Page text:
Although none of the truncated constructs had any effect on the basal level of fibrosarcoma cell migration in the Transwell assay, they all inhibited the chemotactic migration along a FBS gradient. Thus, this kind of migration seems to depend more on the cytoplasmic portion of the PG rather than on its EC domain and attached GAGs. All the truncated constructs also inhibited wound closure of the two mesenchymal tumor cells. This was seen even with the short RMKKK/EGFP construct, which had the most pronounced effect on MM cells. It therefore seems that the syndecan-1 effect on cell migration is not only dependent on its cell surface interaction, but also related to its presence in the nucleus. The function of nuclear syndecan-1 is still obscure. Deletion of the RMKKK motif abolished the nuclear translocation of syndecan-1. This RMKKK motif binds to cytoskeleton components and it may in this way influence cell adhesion-related function. Moreover, it acts as a NLS for syndecan-1, and transfection of the RMKKK/EGFP construct results in a nuclear accumulation of the transcript, suggesting the existence of nuclear ligands to the motif [21]. The finding that heparanase decreases the amount of nuclear syndecan-1 indicates that syndecan-1 in the nucleus can also have other nuclear binding sites [19]. It can be speculated that the free RMKKK fragment blocks the translocation of native syndecan-1 into the nucleus, and this could be one way to hamper the function of nuclear syndecan-1, resulting in transcriptional regulation. The effects seen with this motif unique to the syndecans, indicate that the function of syndecans on the migratory capacity is also influenced by events in the nucleus.

A study of the differential roles for membrane-bound and soluble syndecan-1 in breast cancer progression has recently been published. Proteolytic conversion of syndecan-1 from a membrane-bound into a soluble molecule marks a switch from a proliferative to an invasive phenotype [20]. Increased invasiveness was observed in another fibrosarcoma cell line HT-1080 when transfected with the same full-length and 78 truncated syndecan-1 constructs as we used, and local growth was faster in the full-length syndecan-1 than the 78 transfectants. It is presumed that the whole protein and maybe the shedding is needed for the local development of the tumor, but the intracellular and transmembrane domain is sufficient to promote the formation of metastasis [52]. We found that the full-length syndecan-1 and the remnants of syndecan-1 after shedding (the 78/EGFP construct), negatively regulated fibrosarcoma B6FS cell migration, and this can be partly due to the different phenotypes of these two fibrosarcoma cell lines. We also found that the 78/EGFP construct displayed opposite effects on cell motility in terms of final displacement between fibrosarcoma and MM cell lines, showing the cell type-specific effects. Further investigations on syndecan-1 interacting ligands and signaling pathways are on-going in our laboratory.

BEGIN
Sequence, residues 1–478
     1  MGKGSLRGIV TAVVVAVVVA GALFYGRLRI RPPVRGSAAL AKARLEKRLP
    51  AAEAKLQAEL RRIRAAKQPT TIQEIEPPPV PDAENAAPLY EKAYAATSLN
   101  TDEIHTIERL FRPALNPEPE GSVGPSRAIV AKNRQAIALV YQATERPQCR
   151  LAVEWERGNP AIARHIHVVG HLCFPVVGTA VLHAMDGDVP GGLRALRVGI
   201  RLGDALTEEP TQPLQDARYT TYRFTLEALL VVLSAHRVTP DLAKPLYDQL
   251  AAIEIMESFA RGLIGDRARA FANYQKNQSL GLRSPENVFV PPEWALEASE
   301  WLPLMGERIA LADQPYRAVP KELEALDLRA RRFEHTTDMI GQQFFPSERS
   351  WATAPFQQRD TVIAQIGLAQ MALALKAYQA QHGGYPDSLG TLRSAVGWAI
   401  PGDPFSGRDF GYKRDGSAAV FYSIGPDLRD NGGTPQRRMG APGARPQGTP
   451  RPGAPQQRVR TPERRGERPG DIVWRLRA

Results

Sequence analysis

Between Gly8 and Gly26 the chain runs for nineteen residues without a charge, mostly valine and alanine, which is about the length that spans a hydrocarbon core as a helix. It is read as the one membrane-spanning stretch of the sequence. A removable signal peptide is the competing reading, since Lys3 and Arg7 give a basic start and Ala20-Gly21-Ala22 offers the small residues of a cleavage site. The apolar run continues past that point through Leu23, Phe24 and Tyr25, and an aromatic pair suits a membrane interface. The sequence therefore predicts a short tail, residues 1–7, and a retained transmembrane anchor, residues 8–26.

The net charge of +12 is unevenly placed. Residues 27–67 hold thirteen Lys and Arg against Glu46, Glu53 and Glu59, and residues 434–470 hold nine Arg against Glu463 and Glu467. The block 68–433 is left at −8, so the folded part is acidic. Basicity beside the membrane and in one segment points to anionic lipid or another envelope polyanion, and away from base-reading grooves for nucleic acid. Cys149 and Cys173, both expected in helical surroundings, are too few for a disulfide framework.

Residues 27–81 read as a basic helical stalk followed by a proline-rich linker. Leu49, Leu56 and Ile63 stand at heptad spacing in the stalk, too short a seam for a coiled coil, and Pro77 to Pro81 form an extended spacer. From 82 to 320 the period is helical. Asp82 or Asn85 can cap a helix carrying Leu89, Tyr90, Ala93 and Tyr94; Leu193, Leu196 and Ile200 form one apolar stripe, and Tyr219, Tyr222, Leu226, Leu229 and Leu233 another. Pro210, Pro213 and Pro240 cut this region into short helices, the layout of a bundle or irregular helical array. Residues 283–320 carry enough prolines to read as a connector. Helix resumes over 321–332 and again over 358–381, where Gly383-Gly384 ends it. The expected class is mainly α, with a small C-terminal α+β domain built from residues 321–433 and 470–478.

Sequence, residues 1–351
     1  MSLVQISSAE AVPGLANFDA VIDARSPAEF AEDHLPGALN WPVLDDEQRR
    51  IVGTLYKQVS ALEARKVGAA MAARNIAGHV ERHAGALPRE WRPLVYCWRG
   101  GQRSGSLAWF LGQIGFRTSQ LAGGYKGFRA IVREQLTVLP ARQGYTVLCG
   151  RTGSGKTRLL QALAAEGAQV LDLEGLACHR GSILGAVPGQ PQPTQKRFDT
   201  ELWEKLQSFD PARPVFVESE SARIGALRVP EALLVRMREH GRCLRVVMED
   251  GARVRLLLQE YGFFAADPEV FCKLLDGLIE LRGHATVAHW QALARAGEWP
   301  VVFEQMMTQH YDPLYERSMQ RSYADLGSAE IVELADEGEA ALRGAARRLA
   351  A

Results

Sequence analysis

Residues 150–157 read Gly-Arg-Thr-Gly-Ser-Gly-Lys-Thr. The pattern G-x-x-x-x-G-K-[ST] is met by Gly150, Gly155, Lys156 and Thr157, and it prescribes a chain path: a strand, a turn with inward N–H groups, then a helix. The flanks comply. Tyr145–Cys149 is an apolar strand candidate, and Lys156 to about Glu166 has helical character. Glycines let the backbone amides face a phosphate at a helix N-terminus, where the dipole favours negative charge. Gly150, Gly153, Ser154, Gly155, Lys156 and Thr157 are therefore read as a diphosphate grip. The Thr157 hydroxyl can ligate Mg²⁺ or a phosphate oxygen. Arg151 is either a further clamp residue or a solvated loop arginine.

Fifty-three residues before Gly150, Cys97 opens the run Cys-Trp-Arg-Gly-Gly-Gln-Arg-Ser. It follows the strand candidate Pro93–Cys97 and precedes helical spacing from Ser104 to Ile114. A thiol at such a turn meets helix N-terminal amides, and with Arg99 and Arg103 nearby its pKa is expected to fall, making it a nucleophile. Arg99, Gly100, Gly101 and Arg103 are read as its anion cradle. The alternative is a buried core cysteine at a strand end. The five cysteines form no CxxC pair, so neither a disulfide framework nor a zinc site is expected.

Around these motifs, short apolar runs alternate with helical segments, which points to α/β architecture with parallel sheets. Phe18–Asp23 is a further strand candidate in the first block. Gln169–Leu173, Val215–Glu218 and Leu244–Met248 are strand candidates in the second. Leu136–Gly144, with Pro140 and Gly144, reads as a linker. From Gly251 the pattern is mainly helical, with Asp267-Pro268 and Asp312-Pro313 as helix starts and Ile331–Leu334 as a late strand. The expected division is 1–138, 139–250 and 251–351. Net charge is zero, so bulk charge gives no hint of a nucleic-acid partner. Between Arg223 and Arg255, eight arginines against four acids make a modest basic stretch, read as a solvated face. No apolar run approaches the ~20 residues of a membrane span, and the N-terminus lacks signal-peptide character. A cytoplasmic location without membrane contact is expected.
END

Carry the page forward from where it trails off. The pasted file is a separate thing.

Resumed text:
Taken together, our results show that syndecan-1 decreases migration and motility, and enhances adhesion of mesenchymal tumor cells in an expression level-dependent manner. Distinct protein domains have different effects: the extracellular domain is more important for promoting cell adhesion, while the transmembrane and cytoplasmic domains are sufficient for inhibition of cell migration; cell adhesion and migration seem to depend also on the nuclear localization of syndecans. Our study demonstrates that syndecan-1 plays an important role in mesenchymal tumor behavior. Moreover, our study provides new inputs into the better understanding of structure-function relationship of this PG in tumor progression.

Materials and Methods

Cell lines and their culture

STAV-AB human MM cells were grown in RPMI 1640 medium containing 25 mM HEPES (42401, Gibco, Grand Island, NY, USA) and 2 mM L-Glutamine, supplemented with 10% human AB serum (growth medium) [53]. B6FS human fibrosarcoma cells were grown in RPMI 1640+ glutaMAX™-I (72400, Gibco) supplemented with 10% foetal bovine serum (FBS) and Gentamicin 50 µg/ml (Gibco) (growth medium) [54]. All cells were cultured in 75 cm2 Tissue Culture Flasks (Sarstedt, Newton, NC, USA), in humidified 5% (v/v) CO2 at 37°C and culture medium was changed twice a week. Both cell lines are of mesenchymal origin and were selected based on their low endogenous expression levels of syndecan-1 [22], [55].